Indonesia working on dollar-denominated ‘green’ sukuk issue
January 30 2018 08:46 PM
Indrawati: Very good feedback from investors.


Indonesia is working towards a US dollar-denominated “green”, sukuk bond, Indonesia’s finance minister said on Monday.
“I think it is very good feedback from bond investors and when the time is right we will bring the issue with the right size as well as the right structure,” Sri Mulyani Indrawati told Reuters. 
Asked whether it was imminent, she replied.”We’ll see, we’ll see.”
The US needs to resist protectionist trade measures that could “ruin the world” and destroy progress made in reducing global poverty, Indrawati said. She told Reuters she remained optimistic recent US tariffs affecting other major Asian economies would not turn into a tit-for-tat trade war as open trade had been the big driver in reducing poverty over the last 30 years.
“That is why you don’t want to ruin the world,” Indrawati said about US protectionism. “It could be one or two practices you want to correct, but don’t destroy the achievement that is already remarkable — and that is good for the United States and good for the world.”
She also commented on the dollar’s decline.
The world’s dominant currency is in its biggest slide since 2010-2011 and the fall accelerated last week when US Treasury Secretary Steve Mnuchin said the weakness had its advantages.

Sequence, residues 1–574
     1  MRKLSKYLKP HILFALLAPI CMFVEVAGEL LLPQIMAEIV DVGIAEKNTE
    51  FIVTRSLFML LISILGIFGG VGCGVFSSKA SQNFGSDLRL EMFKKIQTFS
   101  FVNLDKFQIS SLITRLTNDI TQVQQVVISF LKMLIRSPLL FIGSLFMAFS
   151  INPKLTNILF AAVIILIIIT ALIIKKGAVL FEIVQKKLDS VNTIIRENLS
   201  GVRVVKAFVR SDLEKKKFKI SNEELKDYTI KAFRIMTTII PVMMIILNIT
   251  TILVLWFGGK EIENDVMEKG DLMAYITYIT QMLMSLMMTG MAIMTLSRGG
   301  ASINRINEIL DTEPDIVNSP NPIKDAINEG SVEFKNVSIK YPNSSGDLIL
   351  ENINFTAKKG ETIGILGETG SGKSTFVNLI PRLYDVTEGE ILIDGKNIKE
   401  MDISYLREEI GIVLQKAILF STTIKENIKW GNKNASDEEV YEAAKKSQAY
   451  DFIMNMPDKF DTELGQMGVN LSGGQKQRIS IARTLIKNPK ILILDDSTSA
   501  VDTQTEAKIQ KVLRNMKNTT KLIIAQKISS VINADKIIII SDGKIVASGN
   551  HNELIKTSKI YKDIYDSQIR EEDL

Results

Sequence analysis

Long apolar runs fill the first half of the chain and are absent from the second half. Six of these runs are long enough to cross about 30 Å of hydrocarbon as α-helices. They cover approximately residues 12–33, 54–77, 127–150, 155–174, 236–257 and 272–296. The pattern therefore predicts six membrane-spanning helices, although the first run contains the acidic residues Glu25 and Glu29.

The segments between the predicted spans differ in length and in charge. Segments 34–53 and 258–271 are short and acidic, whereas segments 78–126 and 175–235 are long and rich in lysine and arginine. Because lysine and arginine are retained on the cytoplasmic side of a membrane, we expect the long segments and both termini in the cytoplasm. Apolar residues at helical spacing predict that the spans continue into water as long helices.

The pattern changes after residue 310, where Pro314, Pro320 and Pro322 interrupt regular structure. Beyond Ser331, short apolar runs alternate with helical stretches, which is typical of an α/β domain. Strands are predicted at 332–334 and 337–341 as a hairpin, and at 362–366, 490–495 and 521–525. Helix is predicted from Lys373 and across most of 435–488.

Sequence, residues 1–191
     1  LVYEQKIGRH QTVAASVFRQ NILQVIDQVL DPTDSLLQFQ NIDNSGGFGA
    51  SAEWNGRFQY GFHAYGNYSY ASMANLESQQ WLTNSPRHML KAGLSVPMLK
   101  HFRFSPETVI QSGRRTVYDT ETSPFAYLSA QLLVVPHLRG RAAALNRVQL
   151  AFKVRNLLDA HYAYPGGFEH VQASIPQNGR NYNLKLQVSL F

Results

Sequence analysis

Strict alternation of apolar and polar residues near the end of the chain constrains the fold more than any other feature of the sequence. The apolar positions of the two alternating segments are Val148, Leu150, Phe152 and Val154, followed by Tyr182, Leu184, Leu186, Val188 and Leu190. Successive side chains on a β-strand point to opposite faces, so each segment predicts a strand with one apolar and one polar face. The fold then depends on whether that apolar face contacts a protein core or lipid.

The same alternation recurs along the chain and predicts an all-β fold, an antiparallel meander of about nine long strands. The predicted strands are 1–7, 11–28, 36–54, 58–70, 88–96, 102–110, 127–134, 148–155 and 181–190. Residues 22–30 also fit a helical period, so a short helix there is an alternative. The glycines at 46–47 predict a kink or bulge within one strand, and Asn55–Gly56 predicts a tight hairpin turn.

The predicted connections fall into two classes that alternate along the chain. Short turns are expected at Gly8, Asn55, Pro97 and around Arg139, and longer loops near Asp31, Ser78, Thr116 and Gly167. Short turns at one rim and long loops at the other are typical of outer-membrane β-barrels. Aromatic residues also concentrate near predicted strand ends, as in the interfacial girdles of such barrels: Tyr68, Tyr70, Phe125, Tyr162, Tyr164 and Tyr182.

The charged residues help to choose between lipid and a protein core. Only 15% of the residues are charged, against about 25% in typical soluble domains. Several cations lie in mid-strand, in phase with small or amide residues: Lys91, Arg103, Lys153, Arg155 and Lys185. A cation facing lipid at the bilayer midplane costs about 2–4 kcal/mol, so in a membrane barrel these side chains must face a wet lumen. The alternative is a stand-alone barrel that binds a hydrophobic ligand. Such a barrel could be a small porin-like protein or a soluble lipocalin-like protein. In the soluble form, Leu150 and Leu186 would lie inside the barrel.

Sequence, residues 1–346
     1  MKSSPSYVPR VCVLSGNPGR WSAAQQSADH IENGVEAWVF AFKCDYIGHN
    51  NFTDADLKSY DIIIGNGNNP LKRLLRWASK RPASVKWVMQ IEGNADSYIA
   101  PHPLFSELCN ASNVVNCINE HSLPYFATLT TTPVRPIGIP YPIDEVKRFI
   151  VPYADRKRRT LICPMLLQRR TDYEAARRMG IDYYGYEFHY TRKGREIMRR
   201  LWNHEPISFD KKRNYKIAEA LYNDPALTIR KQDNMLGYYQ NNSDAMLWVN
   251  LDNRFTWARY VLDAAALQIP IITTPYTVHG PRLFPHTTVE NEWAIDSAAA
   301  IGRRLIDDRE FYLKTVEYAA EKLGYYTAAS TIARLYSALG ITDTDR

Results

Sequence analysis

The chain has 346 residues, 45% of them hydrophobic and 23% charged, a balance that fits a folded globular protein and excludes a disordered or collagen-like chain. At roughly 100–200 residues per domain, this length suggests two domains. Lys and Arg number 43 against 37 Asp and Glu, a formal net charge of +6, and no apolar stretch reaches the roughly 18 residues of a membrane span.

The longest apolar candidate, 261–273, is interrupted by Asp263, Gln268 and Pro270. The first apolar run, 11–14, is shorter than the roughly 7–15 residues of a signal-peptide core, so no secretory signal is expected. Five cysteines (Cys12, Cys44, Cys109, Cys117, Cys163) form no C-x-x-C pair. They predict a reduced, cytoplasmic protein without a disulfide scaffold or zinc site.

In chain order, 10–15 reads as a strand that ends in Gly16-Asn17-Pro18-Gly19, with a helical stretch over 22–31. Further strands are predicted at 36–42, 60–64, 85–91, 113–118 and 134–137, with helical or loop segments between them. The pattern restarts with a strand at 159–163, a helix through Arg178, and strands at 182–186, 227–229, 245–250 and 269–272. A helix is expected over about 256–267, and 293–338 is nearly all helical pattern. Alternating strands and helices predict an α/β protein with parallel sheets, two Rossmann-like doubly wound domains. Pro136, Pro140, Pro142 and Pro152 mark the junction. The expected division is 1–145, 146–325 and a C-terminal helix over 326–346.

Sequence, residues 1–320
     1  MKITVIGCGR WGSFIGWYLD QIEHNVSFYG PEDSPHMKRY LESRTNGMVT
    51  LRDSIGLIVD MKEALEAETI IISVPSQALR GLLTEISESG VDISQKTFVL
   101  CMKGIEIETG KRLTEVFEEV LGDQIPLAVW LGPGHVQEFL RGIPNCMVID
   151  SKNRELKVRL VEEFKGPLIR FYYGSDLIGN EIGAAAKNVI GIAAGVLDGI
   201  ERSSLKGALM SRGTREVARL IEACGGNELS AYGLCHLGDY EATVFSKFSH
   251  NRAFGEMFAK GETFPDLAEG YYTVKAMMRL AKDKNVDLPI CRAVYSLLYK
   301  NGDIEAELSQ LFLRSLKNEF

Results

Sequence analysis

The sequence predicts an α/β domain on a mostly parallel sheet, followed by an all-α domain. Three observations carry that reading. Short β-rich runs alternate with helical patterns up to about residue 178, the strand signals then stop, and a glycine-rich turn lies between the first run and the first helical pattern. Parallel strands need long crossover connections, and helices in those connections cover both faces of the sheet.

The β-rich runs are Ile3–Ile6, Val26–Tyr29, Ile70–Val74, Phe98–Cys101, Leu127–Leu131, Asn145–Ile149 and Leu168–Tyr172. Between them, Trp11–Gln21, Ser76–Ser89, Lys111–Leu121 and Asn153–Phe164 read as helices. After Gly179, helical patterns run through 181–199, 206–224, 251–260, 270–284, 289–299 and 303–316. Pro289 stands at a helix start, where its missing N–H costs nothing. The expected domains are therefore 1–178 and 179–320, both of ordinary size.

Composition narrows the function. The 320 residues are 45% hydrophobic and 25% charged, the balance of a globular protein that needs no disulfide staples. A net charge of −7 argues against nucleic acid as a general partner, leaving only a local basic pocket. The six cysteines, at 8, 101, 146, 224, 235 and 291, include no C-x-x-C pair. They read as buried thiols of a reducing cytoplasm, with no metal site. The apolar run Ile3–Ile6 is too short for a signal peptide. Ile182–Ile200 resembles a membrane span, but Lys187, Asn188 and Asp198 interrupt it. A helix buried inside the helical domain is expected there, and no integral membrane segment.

“The US dollar, should be reflecting the fundamentals of their economy. It’s not going to be a tool to boosting of their competitiveness,” Indrawati said.
Referring back to the issue of trade protectionism she added: “We are hoping, as President Trump said, that ‘America First’ does not mean America alone.”
About 16% of Indonesia’s trade is directly with the US, though it also has an indirect exposure through other trading partners like nearby Singapore and Japan.
Indrawati was in London to help launch the second “komodo” bond, a rupiah denominated bond sold in international debt markets rather than in Jakarta and named after the large, aggressive lizard found only in Indonesia.
This one was from state-owned infrastructure and procurement firm, Wijaya Karya, which raised 5.4tn rupiah ($404.13mn) as part of the government’s plans to get its firms to broaden their sources of financing.

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